SCOTLAND'S environmental regulator has issued its first penalty for a greenhouse gas leak.

The Scottish Environment Protection Agency (Sepa) issued a civil penalty of £75,000 to a health food supplements manufacturer based in Dalry in Ayrshire.

It is the first penalty to be issued in Scotland under the Fluorinated Greenhouse Gases Regulations 2015 (the F-Gas regulations 2015), which are designed to control fluorinated greenhouse gases (F-gases).

DSM Nutritional Products (UK) Limited received the penalty for failing to provide a leakage detection system on equipment containing powerful greenhouse gases that trap heat in the atmosphere and contribute to climate change.

In 2020, the emissions reported (898.20kg) by the company were over eight times the reporting threshold, considerably higher than previous years and were flagged by the Scottish Pollutant Release Inventory (SPRI) as being in the top three highest emitters for Scotland.

Sepa's specialist Carbon Reduction, Energy and Industry Unit began an investigation and discovered there had been accidental releases of F-gases from the site.

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While there is no requirement under the F-gas regulations 2015 to inform Sepa of any release, operators of equipment that contains F-gases must take precautions to prevent the unintentional release ("leakage") of those gases.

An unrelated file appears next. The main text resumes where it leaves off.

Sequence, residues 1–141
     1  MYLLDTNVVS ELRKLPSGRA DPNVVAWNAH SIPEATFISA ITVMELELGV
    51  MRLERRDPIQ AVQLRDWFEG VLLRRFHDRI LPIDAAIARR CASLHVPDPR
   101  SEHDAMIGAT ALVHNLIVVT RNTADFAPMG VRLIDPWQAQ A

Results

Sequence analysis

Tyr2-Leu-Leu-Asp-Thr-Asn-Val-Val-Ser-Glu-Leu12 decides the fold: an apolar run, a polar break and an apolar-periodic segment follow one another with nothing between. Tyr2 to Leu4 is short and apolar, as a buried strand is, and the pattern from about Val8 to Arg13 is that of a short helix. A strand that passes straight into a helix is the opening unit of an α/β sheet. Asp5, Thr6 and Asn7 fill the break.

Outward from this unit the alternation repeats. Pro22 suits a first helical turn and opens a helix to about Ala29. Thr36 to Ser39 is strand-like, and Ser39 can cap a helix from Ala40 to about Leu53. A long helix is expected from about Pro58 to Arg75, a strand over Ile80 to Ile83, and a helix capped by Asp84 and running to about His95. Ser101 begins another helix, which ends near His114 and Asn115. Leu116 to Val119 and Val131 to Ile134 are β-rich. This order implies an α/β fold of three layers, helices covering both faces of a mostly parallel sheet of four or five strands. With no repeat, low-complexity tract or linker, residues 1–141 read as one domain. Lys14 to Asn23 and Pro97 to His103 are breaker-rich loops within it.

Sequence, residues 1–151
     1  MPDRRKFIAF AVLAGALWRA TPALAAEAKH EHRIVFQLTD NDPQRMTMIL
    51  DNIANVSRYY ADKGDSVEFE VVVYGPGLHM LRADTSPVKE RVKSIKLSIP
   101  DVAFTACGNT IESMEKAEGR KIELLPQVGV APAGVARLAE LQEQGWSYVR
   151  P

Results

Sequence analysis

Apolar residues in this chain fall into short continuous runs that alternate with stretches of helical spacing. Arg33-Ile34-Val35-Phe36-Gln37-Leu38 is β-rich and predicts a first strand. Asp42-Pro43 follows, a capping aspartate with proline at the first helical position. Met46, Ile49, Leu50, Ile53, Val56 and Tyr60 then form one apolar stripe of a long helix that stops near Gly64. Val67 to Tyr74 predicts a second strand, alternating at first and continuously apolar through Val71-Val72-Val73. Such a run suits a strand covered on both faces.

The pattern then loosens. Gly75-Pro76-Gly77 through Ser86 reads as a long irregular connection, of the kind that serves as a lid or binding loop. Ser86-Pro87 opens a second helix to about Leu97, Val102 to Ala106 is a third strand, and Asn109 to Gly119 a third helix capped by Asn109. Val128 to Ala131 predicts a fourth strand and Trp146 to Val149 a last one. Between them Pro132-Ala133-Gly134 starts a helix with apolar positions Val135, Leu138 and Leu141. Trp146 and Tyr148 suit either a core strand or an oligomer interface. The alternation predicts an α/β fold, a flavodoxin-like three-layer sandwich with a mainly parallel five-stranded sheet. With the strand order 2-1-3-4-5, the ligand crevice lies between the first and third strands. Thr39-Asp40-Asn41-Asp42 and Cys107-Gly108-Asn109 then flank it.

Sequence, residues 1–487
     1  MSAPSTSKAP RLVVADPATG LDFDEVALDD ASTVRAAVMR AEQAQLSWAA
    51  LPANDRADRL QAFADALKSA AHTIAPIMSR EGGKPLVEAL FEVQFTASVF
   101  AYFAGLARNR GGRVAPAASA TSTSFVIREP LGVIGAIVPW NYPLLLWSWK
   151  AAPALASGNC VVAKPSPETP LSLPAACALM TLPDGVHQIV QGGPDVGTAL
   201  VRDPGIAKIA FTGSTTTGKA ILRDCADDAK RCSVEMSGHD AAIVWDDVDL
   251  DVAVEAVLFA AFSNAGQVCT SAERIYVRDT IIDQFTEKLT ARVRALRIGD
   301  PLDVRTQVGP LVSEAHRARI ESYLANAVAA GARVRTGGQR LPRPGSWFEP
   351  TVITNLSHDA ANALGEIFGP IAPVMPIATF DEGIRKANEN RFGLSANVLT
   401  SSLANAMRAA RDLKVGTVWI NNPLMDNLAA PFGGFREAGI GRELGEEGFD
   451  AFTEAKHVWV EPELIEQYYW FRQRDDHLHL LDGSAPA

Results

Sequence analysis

For some equipment automatic leakage detection systems may be required.

Jamie McGeachy, Sepa’s carbon reduction, energy and industry unit manager, said: “The scale of the environmental challenge facing humanity is enormous, with a need for a real urgency to act.

“The requirement to install a leak detection system first came into force in 2006, which means the company was non-compliant for 14 years before this leak happened. It is simply unacceptable for industries that use greenhouse gases to fail to meet their environmental responsibilities.

“Operators will get the environmental regulator they deserve. Check your equipment and ensure that you are fully compliant with the regulations - if you need help and advice get in touch, you will find a helpful and supportive agency. If you’re not compliant, whether through complacency or a deliberate act, we’ll take the appropriate action to force you to comply.”

DSM has advised Sepa that the two water chillers responsible for most of the leaks were installed in 1980 by the previous operator of the site.

Refrigerants have changed over the years and at some point there was an increase in holding capacity - the labels on the machines were not updated. The company co-operated fully with Sepa’s investigation and provided information and documentation when requested to do so in a timely manner.

It has installed a leak detection system and has a plan to reduce reliance on F Gases. Sepa reduced the civil penalty to £75,000 – which has been paid.